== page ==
Previously, the filestore had a problem when handling large numbers of small ios. We throttle dirty data implicitly via the journal, but a large number of inodes can be dirtied without filling the journal resulting in a very long sync time when the sync finally does happen. The flusher was not an adequate solution to this problem since it forced writeback of small writes too eagerly killing performance.
WBThrottle tracks unflushed io per hobject_t and ::fsyncs in lru order once the start_flusher threshold is exceeded for any of dirty bytes, dirty ios, or dirty inodes. While any of these exceed the hard_limit, we block on throttle() in _do_op.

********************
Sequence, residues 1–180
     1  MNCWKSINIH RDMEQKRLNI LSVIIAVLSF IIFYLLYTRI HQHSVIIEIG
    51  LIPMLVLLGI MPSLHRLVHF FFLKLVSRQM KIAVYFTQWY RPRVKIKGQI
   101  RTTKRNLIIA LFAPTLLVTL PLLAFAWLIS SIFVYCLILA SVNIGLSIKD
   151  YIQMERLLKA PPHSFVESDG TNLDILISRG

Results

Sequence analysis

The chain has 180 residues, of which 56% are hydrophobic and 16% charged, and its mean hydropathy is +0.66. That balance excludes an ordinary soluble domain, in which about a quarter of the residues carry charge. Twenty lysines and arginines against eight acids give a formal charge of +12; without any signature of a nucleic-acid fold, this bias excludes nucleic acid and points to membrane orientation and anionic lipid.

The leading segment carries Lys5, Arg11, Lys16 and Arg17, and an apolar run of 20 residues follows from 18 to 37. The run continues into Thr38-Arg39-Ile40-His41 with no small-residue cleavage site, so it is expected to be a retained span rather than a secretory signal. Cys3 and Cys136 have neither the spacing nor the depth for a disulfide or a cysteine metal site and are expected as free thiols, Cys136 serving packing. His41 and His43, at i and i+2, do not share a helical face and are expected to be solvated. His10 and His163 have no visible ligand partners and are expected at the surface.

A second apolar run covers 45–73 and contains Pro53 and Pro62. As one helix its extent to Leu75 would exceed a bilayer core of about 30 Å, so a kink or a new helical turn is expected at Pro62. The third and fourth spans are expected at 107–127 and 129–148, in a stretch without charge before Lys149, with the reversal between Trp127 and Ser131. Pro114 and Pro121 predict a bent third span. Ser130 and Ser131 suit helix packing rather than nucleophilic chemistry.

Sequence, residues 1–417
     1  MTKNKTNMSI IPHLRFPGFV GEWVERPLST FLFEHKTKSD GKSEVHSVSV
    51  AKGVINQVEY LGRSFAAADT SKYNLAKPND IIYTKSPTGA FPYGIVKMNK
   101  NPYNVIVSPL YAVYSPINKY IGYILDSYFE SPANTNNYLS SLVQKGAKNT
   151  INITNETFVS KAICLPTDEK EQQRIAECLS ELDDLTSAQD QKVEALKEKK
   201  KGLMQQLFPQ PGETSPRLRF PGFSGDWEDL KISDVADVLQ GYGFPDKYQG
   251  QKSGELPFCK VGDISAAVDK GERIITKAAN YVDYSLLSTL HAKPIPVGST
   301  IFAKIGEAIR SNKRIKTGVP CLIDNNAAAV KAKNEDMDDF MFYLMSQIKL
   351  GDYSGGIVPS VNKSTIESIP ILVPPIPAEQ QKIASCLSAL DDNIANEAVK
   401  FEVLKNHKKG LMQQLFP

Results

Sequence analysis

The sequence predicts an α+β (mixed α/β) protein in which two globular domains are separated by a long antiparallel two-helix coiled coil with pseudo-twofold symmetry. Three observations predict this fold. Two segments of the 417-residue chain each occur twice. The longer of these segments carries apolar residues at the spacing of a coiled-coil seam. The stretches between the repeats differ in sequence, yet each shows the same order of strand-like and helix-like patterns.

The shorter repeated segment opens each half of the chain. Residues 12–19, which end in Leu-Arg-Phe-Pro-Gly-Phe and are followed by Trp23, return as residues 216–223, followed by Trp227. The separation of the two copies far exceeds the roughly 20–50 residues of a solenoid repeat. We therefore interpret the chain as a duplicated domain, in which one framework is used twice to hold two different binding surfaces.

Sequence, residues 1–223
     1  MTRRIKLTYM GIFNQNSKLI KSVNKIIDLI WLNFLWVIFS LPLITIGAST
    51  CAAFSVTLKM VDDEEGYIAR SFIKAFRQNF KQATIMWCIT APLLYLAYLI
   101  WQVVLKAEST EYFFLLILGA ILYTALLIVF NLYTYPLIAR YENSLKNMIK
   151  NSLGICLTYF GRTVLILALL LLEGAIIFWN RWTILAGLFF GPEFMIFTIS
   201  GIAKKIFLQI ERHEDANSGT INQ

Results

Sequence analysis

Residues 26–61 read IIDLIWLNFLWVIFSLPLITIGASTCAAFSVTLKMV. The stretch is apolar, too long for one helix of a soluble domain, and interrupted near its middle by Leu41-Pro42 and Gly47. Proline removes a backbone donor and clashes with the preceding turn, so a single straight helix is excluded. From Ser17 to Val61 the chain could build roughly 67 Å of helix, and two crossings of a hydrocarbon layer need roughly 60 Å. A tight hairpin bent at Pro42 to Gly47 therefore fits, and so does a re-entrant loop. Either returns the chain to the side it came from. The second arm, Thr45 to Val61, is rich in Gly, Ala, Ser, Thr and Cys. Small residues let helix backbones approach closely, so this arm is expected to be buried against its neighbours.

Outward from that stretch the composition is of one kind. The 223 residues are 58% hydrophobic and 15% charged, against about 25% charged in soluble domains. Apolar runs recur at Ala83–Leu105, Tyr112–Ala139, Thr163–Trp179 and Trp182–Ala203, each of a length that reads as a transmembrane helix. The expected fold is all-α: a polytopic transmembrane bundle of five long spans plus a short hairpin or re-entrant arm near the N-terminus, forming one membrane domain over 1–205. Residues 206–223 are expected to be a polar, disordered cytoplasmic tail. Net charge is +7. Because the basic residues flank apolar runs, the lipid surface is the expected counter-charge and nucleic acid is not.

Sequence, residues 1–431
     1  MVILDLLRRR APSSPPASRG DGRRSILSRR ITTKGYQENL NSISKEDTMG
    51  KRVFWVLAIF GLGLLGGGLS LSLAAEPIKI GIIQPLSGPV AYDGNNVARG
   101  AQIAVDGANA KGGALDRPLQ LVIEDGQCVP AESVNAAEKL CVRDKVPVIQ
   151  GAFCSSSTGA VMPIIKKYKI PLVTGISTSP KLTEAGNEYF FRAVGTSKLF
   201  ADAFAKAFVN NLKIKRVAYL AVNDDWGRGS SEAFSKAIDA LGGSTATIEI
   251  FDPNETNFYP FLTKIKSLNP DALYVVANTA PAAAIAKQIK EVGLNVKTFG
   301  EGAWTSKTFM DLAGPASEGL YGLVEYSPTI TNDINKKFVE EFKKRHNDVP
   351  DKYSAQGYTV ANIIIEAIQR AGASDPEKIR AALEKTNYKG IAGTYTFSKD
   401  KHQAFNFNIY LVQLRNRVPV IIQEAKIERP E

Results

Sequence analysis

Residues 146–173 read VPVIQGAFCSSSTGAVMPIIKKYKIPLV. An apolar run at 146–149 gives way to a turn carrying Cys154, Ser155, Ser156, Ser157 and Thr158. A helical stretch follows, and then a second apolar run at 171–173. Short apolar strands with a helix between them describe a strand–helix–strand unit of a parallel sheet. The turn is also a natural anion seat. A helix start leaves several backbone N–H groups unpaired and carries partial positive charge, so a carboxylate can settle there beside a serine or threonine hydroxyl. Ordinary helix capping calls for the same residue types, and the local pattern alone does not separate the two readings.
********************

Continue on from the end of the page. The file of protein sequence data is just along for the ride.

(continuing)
See src/os/WBThrottle.h, src/osd/WBThrottle.cc
To track the open FDs through the writeback process, there is now an fdcache to cache open fds. lfn_open now returns a cached FDRef which implicitly closes the fd once all references have expired.
Filestore syncs have a sideeffect of flushing all outstanding objects in the wbthrottle.
lfn_unlink clears the cached FDRef and wbthrottle entries for the unlinked object when the last link is removed and asserts that all outstanding FDRefs for that object are dead.